Claudia Alves, the principal of Poulsbo Elementary School in Poulsbo, Washington, should be fired for using the N-word to describe African Americans while teaching her black, fifth-grade students.

Instead, Alves has been placed on a leave of absence while the school district investigates her use of the N-word.

Any use of the N-word is intolerable in a public school, especially when teachers are hired to shape the minds of young students.

When did it become acceptable for educators to throw around the N-word in class as casually as taking roll in homeroom?

Here’s what happened: When a group of students voiced their concern  with saying “Negro” during rehearsal for a Dr. Martin Luther King Jr. play, Alves allegedly attempted to explain the difference between a “Negro” and a “nig***.”

According to local media reports, Shawna Smith, the mother of a Poulsbo fifth-grader, said students in her son’s class were uncomfortable with the word “Negro” in a play they were rehearsing about Martin Luther King Jr. Smith is white, and is married to Matthew Smith, who is black.

Alves explained to Smith’s son that it was acceptable to use “Negro” because it is not offensive like “Nig***”

What was Alves thinking?

Smith’s son, according to reports, was so upset by the term “Negro” that he refused to participate in the play. But then, for some unexplained reason, Alves used the N-word again – this time on the phone with Smith’s husband and she was suspended two days later. Alves deliberately used the N-word a second time and that bigoted behavior should be a firing offense.

Poulsbo Superintendent Patty Page sent a letter to parents informing them of the incident and the ongoing search for an acting principal.

Sadly, the Poulsbo Elementary School incident is just one of many similar N-word episodes that seem to be permeating America’s public school system.

It’s not just a local issue confined to Poulsbo. It’s a troubling pattern in public schools across the country.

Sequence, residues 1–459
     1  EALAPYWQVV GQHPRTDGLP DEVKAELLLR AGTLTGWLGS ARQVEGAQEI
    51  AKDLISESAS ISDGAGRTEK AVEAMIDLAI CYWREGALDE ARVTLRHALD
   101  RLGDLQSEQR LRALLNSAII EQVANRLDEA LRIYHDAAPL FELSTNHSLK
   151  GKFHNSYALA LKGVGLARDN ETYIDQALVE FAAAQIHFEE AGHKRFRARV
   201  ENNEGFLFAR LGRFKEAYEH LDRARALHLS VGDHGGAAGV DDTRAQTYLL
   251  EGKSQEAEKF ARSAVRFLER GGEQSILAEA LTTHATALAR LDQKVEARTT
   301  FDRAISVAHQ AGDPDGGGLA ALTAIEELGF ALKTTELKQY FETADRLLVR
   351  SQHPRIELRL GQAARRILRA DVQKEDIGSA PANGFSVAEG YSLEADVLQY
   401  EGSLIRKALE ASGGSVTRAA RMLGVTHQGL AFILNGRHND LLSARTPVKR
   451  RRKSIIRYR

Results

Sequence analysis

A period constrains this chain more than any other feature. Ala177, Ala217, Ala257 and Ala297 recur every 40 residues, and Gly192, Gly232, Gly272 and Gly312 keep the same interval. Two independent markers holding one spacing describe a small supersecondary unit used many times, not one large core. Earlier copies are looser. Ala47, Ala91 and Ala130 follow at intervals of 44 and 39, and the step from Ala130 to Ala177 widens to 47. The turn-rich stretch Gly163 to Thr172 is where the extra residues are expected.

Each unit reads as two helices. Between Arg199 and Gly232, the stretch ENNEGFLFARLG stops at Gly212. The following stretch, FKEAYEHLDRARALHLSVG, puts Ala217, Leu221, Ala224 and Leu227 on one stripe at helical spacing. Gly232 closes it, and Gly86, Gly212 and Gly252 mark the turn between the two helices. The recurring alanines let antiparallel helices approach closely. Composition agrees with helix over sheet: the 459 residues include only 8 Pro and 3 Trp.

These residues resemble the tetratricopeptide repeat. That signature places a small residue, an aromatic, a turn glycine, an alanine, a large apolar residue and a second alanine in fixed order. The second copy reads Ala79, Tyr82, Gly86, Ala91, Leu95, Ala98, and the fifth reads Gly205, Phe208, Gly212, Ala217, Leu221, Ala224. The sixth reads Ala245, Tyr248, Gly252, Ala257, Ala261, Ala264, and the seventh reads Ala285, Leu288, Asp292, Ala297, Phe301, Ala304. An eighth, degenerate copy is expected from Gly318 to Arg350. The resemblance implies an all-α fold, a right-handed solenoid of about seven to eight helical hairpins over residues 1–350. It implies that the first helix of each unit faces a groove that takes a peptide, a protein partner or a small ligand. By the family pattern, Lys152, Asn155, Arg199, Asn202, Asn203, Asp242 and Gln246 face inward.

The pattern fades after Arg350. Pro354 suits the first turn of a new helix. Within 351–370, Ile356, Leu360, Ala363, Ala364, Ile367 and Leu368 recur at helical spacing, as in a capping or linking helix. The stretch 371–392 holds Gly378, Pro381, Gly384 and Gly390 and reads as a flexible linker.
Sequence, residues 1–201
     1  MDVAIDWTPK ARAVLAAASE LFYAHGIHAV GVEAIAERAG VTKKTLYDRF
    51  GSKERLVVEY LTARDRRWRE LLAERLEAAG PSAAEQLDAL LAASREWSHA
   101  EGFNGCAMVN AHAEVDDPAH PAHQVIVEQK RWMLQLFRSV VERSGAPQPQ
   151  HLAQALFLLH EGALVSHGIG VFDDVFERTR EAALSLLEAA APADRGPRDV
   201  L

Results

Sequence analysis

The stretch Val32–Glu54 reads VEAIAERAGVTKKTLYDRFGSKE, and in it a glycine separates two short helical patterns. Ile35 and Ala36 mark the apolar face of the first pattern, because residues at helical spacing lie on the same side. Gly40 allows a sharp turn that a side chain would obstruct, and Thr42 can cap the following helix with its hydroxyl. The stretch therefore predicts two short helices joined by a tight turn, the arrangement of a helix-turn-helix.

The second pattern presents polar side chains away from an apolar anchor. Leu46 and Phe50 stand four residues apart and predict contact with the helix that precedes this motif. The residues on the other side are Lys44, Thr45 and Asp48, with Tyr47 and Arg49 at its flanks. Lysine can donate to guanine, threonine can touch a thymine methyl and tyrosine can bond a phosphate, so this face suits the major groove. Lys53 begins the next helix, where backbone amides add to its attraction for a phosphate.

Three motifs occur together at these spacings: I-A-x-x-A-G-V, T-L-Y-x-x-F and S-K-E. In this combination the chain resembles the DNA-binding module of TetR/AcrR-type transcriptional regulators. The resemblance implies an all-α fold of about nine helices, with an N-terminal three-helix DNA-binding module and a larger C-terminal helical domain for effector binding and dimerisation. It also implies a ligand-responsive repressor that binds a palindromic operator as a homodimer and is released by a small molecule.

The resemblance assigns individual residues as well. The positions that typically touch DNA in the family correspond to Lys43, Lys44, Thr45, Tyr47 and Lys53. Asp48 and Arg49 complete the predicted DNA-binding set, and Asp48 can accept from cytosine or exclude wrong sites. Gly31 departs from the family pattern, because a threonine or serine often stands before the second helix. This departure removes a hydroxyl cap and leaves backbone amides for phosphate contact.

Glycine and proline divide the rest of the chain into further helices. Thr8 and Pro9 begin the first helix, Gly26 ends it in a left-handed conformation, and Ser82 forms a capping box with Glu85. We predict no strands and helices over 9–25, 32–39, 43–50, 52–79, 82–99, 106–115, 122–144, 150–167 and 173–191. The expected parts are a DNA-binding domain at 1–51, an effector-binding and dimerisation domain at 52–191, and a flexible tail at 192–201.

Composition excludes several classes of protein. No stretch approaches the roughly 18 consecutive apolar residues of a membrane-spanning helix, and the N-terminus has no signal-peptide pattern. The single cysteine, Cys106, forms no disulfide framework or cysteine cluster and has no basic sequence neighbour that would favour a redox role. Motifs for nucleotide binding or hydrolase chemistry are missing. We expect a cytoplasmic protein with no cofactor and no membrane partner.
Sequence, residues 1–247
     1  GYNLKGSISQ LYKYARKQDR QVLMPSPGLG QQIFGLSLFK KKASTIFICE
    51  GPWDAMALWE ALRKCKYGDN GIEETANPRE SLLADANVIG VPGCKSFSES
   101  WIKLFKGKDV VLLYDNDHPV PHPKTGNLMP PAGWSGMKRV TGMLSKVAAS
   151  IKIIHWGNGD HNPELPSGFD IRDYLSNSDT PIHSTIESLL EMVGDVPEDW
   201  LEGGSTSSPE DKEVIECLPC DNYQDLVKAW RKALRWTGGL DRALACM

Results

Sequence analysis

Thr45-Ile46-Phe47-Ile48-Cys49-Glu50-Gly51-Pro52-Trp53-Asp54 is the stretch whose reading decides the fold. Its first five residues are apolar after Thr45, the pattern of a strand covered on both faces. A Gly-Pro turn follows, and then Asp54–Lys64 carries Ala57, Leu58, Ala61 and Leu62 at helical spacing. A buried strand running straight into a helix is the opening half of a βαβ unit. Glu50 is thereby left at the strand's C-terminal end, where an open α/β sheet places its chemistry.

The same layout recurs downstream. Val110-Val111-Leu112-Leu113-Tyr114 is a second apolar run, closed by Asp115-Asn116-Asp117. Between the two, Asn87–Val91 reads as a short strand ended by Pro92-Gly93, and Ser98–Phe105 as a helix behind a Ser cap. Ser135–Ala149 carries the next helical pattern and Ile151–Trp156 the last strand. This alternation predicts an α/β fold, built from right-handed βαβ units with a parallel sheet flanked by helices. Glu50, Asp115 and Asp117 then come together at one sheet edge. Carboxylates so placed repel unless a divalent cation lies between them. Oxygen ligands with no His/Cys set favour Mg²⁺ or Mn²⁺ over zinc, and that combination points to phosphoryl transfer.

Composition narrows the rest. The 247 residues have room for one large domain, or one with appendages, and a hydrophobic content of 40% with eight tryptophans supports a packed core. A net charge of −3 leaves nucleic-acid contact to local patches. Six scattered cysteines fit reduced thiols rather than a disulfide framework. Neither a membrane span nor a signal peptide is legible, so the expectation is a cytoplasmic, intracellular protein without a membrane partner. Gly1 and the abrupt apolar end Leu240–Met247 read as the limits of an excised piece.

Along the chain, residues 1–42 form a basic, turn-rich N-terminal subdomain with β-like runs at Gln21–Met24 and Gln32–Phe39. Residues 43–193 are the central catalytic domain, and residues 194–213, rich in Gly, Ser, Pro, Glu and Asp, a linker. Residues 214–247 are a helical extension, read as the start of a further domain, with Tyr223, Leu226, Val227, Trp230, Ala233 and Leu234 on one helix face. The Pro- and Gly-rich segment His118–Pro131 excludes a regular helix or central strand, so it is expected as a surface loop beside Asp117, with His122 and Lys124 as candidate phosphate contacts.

In Chicago, for example, a white school teacher who was suspended last year for leading a class discussion about the “N-word,” race relations and racism, has sued the school district for what he sees as unjust punishment.

In Philadelphia, racially charged text messages were behind the resignations of two school administrators. A 100-page transcript provided by sources last year revealed a series of N-word-laden text messages were exchanged between Coatesville Area School District Superintendent Richard Como and Director of Athletics and Activities Jim Donato. The messages were written and received on district-issued cell phones.

And last year, during a Hartford, Connecticut magnet school field trip, black students were told by teachers to participate in a slavery reenactment, complete with use of the N-word, where students had to pretend their instructors were slave masters. They were also told to pretend to pick cotton and to imagine they were aboard a slave ship.

The blatant use of the N-word by public school teachers didn’t start last year. In 2008, in Louisville, Kentucky, a Valley Traditional High School teacher, Paul Dawson, was suspended for 10 days for telling a black student: “Sit down ni***.” Dawson said he felt comfortable using the N-word because black students use the N-word liberally and he felt by using the N-word, he had a better connection with his students.

So what should America’s public school administrators do about this pattern of racism in our schools? Do they need to do a better job of vetting teachers? Should schools offer mandatory cultural sensitivity training classes? How do we stop teachers from using the N-word in classrooms while teaching black students?